Summary: The FMC shall issue an information request seeking public comment as to whether supply chain congestion has created an emergency situation of a magnitude to cause substantial, adverse effect on the competitiveness and reliability of the international ocean transportation supply system and whether a temporary emergency order would alleviate it. An emergency order could include requiring ocean carriers or marine terminals to share directly with shippers, railroads and motor carriers information relating to cargo throughput and availability to ensure the efficient transportation, loading and unloading of cargo.

Why it matters: Government emergency orders are considered a last resort in dealing with transportation issues.

Deadlines: Not later than 60 days after enactment, with emergency orders remaining in effect no longer than 60 days. (Authority under this provision expires 18 months after enactment.)

Chassis pool best practices

Summary: The FMC shall enter into an agreement with the Transportation Research Board under which the TRB shall carry out a study and develop best practices for on-terminal or near-terminal chassis pools that provide service to marine terminal operators, motor carriers, railroads and other stakeholders that use the chassis pools, with the goal of optimizing supply chain efficiency and effectiveness.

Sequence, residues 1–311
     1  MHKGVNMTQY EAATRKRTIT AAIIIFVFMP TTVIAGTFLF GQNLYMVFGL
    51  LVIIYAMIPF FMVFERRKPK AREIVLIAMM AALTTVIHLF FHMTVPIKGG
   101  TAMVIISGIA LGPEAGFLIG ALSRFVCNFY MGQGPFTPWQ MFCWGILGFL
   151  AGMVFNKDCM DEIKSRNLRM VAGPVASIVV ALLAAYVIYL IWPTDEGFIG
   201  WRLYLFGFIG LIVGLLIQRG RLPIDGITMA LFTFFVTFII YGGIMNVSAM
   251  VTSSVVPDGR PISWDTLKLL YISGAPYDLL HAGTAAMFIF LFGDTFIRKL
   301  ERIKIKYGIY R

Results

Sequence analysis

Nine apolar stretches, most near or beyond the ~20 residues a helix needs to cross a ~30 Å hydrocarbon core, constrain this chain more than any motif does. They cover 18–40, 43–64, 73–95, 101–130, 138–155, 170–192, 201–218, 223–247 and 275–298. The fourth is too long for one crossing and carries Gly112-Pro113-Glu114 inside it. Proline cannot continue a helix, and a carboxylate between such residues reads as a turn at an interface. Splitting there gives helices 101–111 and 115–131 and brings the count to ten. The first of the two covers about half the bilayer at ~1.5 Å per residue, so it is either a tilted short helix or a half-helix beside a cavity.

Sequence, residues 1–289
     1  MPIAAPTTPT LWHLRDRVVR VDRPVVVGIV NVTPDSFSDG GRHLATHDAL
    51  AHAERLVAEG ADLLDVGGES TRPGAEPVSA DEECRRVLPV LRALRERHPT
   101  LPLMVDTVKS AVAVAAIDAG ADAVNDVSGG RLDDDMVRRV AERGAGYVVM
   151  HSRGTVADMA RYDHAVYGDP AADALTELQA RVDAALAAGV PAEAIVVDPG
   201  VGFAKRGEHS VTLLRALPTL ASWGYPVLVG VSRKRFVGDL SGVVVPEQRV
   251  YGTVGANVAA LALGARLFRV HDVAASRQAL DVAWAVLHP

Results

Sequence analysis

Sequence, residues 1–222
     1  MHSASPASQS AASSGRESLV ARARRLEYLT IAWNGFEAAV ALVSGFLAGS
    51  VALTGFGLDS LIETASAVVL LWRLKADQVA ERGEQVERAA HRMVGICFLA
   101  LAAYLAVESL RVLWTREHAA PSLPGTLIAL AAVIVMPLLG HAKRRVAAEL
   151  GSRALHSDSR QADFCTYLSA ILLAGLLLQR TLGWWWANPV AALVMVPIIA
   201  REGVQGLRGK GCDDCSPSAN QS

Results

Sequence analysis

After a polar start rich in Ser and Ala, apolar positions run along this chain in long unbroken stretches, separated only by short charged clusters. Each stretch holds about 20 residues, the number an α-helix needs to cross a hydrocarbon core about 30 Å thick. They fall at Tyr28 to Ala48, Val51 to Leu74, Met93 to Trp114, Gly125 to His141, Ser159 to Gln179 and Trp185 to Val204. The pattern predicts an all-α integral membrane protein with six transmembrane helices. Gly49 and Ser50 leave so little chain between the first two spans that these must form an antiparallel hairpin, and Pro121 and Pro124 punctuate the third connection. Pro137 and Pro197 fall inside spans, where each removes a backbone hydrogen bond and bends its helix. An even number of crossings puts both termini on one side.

Why it matters: Intermodal companies, shippers and ocean carriers dispute the way chassis pools operate and the government is looking to shed more light on how to make them more efficient.

Deadlines: Not later than April 1, 2023, to enter into an agreement, and not later than April 1, 2024, to make publication of best practices available on the FMC website.

CDL licensing testing

Summary: The Federal Motor Carrier Safety Administration shall conduct a review of the discretionary waiver authority described in FMCSA’s Aug. 31, 2021, order for states concerning third-party CDL skills test examiners in response to the COVID-19 emergency.

Why it matters: There has been concern that allowing states to conduct third-party skills testing — with the goal of making it more efficient to certify truck drivers — can reduce safety.